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A bone tamp is a device used in orthopedic surgery to reduce fractures and manage bone grafts. This instrument can be used inside a bone to elevate depressed areas after a fracture, assisting with the stabilization process. It can also be used to pack bone into place at a graft site, through a careful procedure intended to promote full bone growth in the area. A wide range of models is available including a range of rigid and flexible bone tamps, balloon devices, and versions with angled and textured heads.
In the case of fracture reduction, one critical use of a bone tamp can be in spinal procedures. Patients with fractured or compressed vertebrae can be at risk of spinal cord injuries. The bone tamp is inserted inside the involved vertebra and used to push the bone into place, allowing the surgeon to set it with bone cement to stabilize the fracture. With a balloon device, the surgeon inserts a tube with an inflatable balloon, carefully blows it up to push the bone back into place, and then deflates it, filling the resulting cavity with bone cement.
Similar procedures can be necessary when there are depressions at the surface of fractured or damaged bone around the sites of joints in the body. These can increase the risk of developing arthritis later, in addition to being painful for the patient. The surgeon uses the bone tamp to restore the shape of the bone, reducing the fracture so it can be cast to allow it to heal. Flexible devices provide more room for tunneling and working inside the bone, and specialized heads can be used for various applications.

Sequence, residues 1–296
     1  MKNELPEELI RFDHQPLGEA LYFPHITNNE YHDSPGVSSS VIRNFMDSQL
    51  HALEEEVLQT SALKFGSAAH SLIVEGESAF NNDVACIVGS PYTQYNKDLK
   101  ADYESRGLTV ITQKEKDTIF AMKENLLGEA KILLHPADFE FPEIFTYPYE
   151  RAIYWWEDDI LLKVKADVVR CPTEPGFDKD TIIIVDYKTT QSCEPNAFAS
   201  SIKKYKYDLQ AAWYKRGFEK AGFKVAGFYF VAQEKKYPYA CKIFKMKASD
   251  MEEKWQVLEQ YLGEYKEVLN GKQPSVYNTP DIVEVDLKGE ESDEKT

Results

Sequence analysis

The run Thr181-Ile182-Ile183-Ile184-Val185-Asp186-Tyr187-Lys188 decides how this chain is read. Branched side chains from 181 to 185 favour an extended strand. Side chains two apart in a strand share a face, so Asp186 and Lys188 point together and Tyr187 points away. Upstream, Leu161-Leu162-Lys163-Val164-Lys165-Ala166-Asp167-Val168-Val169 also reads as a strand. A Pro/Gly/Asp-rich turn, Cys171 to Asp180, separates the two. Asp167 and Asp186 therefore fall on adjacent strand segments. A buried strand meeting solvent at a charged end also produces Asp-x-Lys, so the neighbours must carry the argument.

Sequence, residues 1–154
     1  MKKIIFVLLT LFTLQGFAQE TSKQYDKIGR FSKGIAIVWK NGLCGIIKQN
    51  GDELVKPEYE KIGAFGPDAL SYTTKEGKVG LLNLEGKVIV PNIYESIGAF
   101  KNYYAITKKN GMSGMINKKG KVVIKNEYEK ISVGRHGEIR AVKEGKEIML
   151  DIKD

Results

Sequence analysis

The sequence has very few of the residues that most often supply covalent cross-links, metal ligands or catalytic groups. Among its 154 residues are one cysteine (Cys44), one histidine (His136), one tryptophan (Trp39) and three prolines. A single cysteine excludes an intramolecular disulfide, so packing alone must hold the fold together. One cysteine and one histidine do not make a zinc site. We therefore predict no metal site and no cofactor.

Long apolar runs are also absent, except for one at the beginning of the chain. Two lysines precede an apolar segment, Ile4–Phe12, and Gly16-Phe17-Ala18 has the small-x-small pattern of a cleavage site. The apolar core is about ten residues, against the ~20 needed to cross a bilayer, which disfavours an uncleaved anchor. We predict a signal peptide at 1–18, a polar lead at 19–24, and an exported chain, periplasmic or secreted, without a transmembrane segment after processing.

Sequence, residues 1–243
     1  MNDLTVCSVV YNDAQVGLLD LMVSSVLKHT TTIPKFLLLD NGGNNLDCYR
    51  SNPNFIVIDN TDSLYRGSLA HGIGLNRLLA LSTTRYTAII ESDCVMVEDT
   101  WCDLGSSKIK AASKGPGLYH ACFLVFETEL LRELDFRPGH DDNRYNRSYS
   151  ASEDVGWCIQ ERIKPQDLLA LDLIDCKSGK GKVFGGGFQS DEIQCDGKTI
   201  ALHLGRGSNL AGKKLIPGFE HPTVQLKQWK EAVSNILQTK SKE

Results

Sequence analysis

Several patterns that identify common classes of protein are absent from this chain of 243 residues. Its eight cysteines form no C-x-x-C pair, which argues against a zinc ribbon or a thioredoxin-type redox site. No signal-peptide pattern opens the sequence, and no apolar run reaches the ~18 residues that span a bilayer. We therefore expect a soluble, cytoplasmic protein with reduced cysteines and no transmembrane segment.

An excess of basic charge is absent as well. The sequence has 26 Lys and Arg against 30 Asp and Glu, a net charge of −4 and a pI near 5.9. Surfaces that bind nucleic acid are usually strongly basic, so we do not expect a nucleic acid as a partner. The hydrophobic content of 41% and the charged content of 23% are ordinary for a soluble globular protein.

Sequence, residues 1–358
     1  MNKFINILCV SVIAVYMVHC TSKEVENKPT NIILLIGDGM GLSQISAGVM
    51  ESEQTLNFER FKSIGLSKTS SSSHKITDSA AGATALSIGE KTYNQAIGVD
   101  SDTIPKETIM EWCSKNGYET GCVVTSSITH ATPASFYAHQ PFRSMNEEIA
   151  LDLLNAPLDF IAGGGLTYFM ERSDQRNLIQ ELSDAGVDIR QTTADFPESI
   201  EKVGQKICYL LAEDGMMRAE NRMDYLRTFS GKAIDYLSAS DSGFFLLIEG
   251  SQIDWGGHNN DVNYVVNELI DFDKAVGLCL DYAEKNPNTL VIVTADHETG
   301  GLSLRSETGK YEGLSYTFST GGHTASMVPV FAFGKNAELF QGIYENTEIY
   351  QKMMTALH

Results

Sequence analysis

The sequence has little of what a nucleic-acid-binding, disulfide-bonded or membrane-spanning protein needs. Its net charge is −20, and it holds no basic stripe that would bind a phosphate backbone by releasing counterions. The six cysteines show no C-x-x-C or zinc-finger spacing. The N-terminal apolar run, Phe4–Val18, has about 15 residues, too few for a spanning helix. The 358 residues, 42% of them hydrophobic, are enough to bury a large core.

Bone grafts can also require the use of a tamp. When a surgeon places graft material, it may be gently tamped into place as part of the procedure. This ensures that the graft is correctly placed and rooted, which increases the chance that it will take, eventually growing into the matrix of existing bone. A bone tamp is an ideal instrument for this purpose, and may have a special head designed to stabilize the graft while the surgeon positions it.
Tamps can also be used at harvesting sites, where the surgeon wants to carefully remove a sample of bone from a donor. Careful extraction is critical to minimize damage in cases where patients are donating their own tissue, and bone tamps can be used to control the site and prepare it for healing. In the case of cadaver donation, tissue preservation is less critical, as the donor is unlikely to need it.